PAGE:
I’m excited to be on the Spivey team and enjoyed working with clients in my first week with Spivey Consulting after spending my last three at Harvard Law and past seven at Harvard. It’s great to be on this side of the equation where I can assist in deciphering the application process and help candidates position their strengths and challenges well. In the spirit of offering advice, I wanted to take a moment to talk about how some applicants prepare for the LSAT.
I know that studying for the LSAT can be a herculean task and that many students spend nights and weekends cramming with practice tests. Some law school applicants have the ability to take a few months or even a year off to prepare for the exam, and others work full-time for a variety of reasons. However, if you are one of those folks who can take the year to study for the LSAT and apply to law schools, you should be aware that there are some pitfalls including how you portray that time on your resume.
I’ve seen two versions of this. First, some students simply state in their materials and on their resume that they took the year to study for the exam. Other applicants note that they did so well on the exam, that they took the rest of the year to teach others how to take the LSAT.
If you’re taking a year to study and apply, please consider how this will look to an admissions officer. There are many applicants who have worked full-time. These students are building skills, their resumes, and demonstrating the ability to balance major competing needs. They’re balancing work, life, and the law admissions process — all skills that will serve them well as a 1L student.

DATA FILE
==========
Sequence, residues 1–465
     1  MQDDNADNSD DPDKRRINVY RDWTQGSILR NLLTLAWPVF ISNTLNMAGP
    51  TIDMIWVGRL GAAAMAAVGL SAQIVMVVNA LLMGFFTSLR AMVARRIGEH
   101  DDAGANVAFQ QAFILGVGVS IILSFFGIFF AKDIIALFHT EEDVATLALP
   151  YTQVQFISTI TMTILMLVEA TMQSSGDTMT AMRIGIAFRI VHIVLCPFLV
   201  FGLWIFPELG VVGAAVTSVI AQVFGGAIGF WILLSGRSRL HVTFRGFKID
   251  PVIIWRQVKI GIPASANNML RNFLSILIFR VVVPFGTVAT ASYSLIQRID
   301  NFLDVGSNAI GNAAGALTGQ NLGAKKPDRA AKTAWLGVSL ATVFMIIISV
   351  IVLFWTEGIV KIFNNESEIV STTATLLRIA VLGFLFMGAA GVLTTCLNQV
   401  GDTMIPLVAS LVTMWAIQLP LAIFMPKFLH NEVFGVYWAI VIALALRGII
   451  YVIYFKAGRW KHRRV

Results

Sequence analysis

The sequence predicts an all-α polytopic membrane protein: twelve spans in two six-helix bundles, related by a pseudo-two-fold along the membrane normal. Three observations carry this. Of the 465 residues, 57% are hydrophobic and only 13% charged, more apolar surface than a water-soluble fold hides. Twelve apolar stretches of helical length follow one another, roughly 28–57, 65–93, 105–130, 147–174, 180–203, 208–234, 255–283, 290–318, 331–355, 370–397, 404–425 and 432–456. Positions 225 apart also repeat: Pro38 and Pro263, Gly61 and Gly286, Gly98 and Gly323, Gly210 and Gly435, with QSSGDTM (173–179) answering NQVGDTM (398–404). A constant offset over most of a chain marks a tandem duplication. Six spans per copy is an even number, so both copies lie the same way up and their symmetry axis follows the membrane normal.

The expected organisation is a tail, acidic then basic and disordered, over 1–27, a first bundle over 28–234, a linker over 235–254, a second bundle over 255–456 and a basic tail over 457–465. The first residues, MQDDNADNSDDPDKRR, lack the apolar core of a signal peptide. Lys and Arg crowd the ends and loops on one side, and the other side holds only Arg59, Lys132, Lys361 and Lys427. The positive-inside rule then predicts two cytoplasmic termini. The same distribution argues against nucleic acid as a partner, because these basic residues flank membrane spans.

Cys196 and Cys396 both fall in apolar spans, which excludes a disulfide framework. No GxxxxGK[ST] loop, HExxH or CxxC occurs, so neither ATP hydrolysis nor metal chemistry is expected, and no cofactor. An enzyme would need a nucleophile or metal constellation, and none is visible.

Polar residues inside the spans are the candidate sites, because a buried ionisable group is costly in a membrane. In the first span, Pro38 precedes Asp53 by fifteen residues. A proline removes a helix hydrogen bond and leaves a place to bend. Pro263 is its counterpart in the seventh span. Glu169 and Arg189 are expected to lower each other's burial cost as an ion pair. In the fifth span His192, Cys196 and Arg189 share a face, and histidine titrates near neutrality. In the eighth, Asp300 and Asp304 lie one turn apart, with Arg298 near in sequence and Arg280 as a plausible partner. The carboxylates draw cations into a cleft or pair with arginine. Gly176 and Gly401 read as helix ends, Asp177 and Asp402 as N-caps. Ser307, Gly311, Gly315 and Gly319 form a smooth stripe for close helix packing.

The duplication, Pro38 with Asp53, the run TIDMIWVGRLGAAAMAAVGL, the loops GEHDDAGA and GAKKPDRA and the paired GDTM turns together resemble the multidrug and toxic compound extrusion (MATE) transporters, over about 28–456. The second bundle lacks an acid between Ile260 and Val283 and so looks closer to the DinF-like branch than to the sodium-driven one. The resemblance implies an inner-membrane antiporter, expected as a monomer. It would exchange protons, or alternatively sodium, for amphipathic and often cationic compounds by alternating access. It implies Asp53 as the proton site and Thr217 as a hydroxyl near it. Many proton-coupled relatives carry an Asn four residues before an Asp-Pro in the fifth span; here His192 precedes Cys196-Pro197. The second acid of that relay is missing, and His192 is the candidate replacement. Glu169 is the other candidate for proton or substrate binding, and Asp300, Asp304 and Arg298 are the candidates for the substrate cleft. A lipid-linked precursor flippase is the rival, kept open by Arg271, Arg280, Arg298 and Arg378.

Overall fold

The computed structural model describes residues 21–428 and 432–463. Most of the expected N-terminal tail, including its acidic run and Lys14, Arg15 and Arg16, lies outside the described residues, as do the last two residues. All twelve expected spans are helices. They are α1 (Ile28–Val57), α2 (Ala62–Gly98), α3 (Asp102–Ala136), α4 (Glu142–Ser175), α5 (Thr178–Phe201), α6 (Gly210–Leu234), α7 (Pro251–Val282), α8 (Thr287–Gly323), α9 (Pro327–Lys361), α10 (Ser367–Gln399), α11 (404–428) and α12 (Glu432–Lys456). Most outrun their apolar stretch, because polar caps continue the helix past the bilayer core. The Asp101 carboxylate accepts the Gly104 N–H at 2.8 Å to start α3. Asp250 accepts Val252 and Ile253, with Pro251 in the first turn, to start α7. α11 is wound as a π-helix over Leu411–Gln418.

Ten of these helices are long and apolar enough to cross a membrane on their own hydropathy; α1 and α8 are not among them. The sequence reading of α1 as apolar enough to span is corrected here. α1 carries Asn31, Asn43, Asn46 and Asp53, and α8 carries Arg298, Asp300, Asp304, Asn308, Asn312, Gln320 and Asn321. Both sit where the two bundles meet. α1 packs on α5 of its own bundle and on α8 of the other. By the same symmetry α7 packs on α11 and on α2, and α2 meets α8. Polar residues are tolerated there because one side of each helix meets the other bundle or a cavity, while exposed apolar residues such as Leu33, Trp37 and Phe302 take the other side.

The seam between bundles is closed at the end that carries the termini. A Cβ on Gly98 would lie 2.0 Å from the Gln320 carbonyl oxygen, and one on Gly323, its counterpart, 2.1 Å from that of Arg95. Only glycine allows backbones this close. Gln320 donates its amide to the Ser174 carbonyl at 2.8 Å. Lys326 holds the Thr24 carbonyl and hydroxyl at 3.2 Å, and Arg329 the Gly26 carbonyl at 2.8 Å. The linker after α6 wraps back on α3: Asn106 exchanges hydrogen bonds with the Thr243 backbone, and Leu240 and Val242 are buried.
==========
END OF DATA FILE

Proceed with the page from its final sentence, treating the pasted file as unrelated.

Still other applicants do so well on the LSAT that they’re asked to return to the test center as an instructor. I know from personal experience just how hard and rewarding teaching can be, but I wonder about the opportunities missed when a student teaches the LSAT for year? While this is work experience, I often rolled my eyes a bit when this was noted on an applicant’s resume. After interviewing many potential candidates for law school, I have only encountered one or two applicants who could make a compelling case that teaching the LSAT (often part-time) was as valuable and engaging as the work experience that many other applicants shared.
So, if you are fortunate enough to take the year to study and/or teach the LSAT, please consider finding ways to engage and explore your law or career interests. This doesn’t mean that you have to run out and get a paralegal job. Consider one student who made the compelling argument that he was interested in education law and, while studying for the LSAT, volunteered in a secondary school working with students with disabilities. In his admissions materials, he was able to make observations between how various laws and policies influenced the actual classroom experience of some students with disabilities and how, as an attorney, he might be able to advocate with those students to more fully meet their needs. There are so many connections to the law — you can be creative in your search, work part-time, and perhaps even have fun with a temporary job. But beware the "year off to focus on the LSAT" line.
I hope this advice helps and I look forward to your comments/discussion.